The world needs forests. They are vital to maintain biodiversity and to help combat climate change. At the same time, forests have suffered since the invention of the plow, as people have cut them down to plant crops for food and cash. The bulldozer just made things worse.
Over 70% of the world’s cocoa comes from Côte d’Ivoire and Ghana, and deforestation has wreaked havoc. Only 17% of the original forest remains in Côte d’Ivoire, while only fragments of the once magnificent Guinean forest can still be found.
How did this happen, and is cocoa to blame? If so, what is Nestlé and the industry doing about it?
Cocoa from protected forests has no place in our supply chain. We’re working to stop deforestation and the destruction of other natural habits within cocoa, and across our supply chains. We’ve committed to achieving 100% deforestation-free commodities by 2020.
Planting cocoa, alongside other commodity crops and logging, has caused deforestation. However, because it ends up in chocolate, an iconic product, cocoa-related deforestation attracts a lot of attention.
Restoring forest areas
I welcome the media spotlight on cocoa, because it highlights deforestation as a pressing issue for our cocoa sector, but also for West Africa as a whole. While we should work toward stopping cocoa plantations expanding into forests, we need to protect them from all agricultural encroachments.
Addressing deforestation is complex, and given that cocoa is mainly a smallholder crop in West Africa, we must consider farmer’s livelihoods. This is the shared responsibility of all stakeholders, cocoa and chocolate industry, governments of producing countries, cooperatives, farmers and rural communities.
Thirty-three leading cocoa and chocolate-producing companies (World Cocoa Foundation members), have come together with the governments of Côte d’Ivoire and Ghana to sign the Cocoa and Forests Initiative (CFI) Frameworks for Action to end deforestation and restore forest areas. Full marks to everyone for pulling together to achieve this. Special mention goes to The Prince of Wales for the initiation and NGO Mighty Earth for making sure it happened.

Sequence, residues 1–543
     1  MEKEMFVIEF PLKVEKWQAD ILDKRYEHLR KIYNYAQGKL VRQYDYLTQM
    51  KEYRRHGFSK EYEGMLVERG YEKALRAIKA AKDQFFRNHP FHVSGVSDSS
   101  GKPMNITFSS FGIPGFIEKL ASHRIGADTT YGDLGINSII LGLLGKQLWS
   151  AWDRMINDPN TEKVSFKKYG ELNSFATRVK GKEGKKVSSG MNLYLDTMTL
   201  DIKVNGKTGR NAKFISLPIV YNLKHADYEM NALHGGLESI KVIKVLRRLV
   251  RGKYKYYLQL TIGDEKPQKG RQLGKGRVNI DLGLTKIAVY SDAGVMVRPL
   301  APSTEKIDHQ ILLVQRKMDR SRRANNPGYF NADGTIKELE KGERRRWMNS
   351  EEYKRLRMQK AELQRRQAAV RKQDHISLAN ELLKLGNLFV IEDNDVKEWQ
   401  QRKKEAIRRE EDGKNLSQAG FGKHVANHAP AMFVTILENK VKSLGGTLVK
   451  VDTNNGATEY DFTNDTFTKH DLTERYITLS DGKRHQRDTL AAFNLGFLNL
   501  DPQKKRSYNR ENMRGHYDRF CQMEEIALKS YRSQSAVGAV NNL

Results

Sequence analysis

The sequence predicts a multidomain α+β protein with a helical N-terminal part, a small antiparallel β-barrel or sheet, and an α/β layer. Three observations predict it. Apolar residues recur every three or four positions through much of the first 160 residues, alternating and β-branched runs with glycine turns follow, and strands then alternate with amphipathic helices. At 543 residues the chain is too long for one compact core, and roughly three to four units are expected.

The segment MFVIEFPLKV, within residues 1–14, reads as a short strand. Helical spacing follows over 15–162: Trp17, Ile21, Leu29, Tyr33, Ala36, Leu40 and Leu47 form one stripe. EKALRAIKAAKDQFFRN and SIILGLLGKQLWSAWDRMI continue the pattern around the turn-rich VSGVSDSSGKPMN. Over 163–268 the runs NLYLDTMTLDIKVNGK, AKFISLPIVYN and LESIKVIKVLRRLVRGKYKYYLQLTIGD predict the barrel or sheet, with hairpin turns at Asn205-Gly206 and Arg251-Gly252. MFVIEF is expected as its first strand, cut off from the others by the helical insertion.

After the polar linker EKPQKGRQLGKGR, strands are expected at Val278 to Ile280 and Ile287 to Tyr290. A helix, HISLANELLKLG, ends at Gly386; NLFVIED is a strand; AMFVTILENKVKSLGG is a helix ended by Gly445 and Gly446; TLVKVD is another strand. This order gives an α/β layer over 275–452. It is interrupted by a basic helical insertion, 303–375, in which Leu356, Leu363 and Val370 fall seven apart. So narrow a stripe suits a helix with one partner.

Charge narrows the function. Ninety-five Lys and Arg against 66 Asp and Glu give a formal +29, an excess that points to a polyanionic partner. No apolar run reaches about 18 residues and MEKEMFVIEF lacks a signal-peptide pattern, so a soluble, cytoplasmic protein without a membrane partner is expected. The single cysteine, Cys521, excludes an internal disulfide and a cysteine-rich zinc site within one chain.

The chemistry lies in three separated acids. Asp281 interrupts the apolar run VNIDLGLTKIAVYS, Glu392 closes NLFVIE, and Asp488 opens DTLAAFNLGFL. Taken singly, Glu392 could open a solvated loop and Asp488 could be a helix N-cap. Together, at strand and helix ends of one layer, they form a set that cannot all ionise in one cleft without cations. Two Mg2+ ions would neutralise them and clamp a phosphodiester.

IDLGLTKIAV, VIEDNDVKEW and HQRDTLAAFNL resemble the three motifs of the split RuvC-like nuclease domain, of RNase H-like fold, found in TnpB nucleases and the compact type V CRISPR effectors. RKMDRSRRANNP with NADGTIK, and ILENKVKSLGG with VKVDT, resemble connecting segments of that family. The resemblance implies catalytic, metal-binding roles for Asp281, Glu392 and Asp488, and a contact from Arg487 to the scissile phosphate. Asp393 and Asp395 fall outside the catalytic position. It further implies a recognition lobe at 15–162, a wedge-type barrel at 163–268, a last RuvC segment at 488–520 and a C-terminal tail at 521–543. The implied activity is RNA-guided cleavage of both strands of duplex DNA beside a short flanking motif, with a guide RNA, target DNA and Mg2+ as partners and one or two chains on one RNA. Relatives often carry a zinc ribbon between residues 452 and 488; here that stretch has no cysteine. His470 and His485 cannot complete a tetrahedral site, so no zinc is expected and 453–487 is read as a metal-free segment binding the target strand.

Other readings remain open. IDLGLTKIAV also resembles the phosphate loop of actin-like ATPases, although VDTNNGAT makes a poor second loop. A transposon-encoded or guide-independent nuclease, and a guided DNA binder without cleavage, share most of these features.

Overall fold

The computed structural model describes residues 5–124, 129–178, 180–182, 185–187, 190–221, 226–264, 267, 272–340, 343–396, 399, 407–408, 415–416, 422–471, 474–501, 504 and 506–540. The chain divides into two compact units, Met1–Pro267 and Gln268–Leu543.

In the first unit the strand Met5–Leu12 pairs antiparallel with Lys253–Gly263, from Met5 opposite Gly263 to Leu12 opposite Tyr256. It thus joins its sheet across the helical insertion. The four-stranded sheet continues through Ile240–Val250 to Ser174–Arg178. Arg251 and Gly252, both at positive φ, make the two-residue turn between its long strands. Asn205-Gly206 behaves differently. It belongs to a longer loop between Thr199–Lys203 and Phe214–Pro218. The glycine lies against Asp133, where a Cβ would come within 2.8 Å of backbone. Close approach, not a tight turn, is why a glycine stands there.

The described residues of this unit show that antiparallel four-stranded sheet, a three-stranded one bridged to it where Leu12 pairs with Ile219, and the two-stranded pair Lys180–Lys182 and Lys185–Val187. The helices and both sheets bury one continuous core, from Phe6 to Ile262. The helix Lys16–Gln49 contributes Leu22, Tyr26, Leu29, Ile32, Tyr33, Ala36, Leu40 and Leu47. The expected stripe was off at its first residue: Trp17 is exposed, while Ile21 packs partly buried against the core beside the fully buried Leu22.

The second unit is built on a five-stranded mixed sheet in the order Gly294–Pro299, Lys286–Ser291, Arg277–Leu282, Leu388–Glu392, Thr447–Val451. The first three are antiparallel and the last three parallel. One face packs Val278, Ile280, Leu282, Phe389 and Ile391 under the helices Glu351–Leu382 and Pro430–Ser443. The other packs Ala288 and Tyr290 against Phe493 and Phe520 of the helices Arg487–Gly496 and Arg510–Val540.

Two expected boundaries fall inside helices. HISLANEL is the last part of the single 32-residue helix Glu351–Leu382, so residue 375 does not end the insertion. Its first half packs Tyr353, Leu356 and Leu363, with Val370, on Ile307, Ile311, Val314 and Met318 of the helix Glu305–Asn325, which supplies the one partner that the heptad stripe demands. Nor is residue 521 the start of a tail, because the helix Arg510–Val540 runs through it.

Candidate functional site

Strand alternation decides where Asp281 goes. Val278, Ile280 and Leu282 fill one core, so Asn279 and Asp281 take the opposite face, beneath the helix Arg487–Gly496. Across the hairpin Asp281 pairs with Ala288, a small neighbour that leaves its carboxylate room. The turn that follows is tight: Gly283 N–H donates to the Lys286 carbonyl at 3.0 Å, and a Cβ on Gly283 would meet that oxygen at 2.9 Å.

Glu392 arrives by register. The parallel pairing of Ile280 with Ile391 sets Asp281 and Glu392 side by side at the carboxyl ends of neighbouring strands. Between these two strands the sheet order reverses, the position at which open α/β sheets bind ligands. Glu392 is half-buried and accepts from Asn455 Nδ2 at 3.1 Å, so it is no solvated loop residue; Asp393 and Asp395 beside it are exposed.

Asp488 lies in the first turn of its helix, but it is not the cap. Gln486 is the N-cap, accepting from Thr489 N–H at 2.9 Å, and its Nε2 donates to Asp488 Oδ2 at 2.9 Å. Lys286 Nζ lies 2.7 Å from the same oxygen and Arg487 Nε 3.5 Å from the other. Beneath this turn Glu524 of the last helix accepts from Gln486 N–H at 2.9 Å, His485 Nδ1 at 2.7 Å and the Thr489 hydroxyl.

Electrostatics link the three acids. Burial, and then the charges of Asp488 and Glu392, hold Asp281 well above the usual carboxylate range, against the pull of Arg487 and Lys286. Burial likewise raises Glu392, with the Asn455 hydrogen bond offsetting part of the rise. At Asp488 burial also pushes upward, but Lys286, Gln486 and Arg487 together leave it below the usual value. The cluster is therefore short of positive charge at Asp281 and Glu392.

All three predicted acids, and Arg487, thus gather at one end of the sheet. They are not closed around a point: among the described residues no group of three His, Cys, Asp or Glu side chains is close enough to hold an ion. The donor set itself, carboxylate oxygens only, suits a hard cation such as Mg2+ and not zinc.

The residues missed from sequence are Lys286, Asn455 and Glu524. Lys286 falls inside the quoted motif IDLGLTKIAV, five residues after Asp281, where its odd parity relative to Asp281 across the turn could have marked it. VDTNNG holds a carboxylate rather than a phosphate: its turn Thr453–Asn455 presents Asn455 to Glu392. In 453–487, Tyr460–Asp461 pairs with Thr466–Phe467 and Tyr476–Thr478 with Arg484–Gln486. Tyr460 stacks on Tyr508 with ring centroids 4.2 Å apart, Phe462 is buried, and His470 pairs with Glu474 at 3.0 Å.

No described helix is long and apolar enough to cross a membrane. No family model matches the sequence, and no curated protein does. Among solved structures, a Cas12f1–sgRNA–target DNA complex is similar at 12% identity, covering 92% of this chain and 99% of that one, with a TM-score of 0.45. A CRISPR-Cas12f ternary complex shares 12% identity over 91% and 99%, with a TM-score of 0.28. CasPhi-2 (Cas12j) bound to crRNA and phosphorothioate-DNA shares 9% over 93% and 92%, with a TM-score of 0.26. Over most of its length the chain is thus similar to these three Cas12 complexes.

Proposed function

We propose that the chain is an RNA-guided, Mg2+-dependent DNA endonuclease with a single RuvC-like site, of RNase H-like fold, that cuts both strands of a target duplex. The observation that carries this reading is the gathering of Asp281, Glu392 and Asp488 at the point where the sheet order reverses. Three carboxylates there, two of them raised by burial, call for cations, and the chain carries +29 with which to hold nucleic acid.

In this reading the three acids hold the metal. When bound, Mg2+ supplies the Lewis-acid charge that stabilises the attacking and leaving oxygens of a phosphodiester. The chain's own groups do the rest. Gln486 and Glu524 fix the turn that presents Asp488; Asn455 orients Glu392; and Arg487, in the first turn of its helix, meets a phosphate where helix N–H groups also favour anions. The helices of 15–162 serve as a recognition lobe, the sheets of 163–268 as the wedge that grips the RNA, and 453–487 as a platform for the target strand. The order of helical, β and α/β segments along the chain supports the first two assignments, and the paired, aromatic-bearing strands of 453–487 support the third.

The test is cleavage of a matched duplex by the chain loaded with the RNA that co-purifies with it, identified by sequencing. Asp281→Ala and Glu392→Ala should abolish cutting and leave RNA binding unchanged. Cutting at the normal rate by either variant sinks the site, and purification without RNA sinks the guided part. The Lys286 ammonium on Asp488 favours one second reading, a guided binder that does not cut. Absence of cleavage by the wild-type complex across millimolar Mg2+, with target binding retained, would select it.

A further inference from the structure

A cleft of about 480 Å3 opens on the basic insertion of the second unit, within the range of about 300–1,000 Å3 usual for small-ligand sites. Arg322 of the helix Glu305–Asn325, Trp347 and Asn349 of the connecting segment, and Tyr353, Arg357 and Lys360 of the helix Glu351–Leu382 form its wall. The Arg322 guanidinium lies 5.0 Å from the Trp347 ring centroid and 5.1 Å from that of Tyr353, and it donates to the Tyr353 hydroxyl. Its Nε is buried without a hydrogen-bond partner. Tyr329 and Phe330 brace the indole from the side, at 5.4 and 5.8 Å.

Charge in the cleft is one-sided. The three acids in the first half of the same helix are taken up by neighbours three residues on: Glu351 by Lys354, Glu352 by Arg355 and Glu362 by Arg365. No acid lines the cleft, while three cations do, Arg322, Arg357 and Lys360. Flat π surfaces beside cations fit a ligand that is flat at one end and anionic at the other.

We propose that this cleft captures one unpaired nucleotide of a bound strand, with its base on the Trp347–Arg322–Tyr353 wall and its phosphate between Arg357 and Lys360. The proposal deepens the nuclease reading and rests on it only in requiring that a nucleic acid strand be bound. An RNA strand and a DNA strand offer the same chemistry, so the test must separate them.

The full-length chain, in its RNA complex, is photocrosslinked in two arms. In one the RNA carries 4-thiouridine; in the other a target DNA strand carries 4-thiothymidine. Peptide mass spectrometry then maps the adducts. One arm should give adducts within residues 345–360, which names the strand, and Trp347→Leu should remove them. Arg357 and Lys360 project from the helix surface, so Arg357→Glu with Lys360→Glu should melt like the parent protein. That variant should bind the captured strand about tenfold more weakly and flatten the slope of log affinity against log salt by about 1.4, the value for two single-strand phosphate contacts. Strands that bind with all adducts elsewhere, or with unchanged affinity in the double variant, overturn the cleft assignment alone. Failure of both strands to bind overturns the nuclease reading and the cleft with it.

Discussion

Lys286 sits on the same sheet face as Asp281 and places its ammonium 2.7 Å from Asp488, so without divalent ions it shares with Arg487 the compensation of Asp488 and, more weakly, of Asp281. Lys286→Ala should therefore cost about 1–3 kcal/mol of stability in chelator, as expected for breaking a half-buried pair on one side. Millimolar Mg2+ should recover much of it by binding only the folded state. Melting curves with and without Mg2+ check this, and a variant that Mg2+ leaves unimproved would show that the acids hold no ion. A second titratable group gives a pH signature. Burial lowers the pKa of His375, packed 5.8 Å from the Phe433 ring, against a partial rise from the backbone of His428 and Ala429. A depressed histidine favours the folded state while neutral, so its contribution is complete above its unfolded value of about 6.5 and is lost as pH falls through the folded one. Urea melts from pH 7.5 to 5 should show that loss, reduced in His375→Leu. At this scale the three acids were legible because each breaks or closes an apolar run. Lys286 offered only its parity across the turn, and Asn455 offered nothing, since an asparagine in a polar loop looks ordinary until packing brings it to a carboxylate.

When taking action, nothing is easy. In Côte d’Ivoire and Ghana, people have lived and worked in the forests for decades, and cannot just be moved on. We need to protect the forests while supporting sustainable livelihoods, by growing ‘more cocoa on less land’.
What is Nestlé doing?
What will we do as Nestlé within the CFI framework? Our actions focus on our Nestlé Cocoa Plan supply chain, through which we have forged relationships with smallholders to ensure responsibly sourced cocoa by working under three pillars – Better farming, Better lives, Better cocoa.
Firstly, we are mapping field outlines for all the farmers – about 85,000 across Côte d’Ivoire and Ghana. We estimate that means walking 102,000km – that’s a lot of legwork!
Secondly, we are distributing over 2.6 million forest tree seedlings to farmers over the next four years, as we encourage them to grow forest trees alongside cocoa.
Thirdly, we will work with an NGO to try some agroforestry experiments – growing cocoa with a much higher density of forest trees, in areas where the government wants to reforest degraded areas.
Finally, and this might surprise some people, we’re working with one of our suppliers to provide farmers with 5,000 improved wood-burning cookstoves.
These burn better, use less fuel and produce less smoke. This reduces pressure on the forest, improves people’s health and reduces child labor – given that farming families often use children to collect wood. Sounds like a no brainer, right? Success here will depend on local acceptance and adoption of this new technology.
The world needs forests, and cocoa is part of the rich biodiversity they support. Hundreds of thousands of livelihoods depend on cocoa cultivation.
The Cocoa and Forests Initiative has enabled all stakeholders to define a shared vision, where sustainable cocoa production balances the need to protect the environment and the socio-economic development of cocoa farmers and of Ghana and Côte d’Ivoire.
I truly believe that we can find the right balance between protecting the forests, growing cocoa sustainably and helping the farmers. We have published our plan (pdf, 800Kb) and we will strive to make it happen. We will continue to work together with our peers, NGOs, governments and civil society to achieve this goal and our zero deforestation commitment.
Look out for further updates!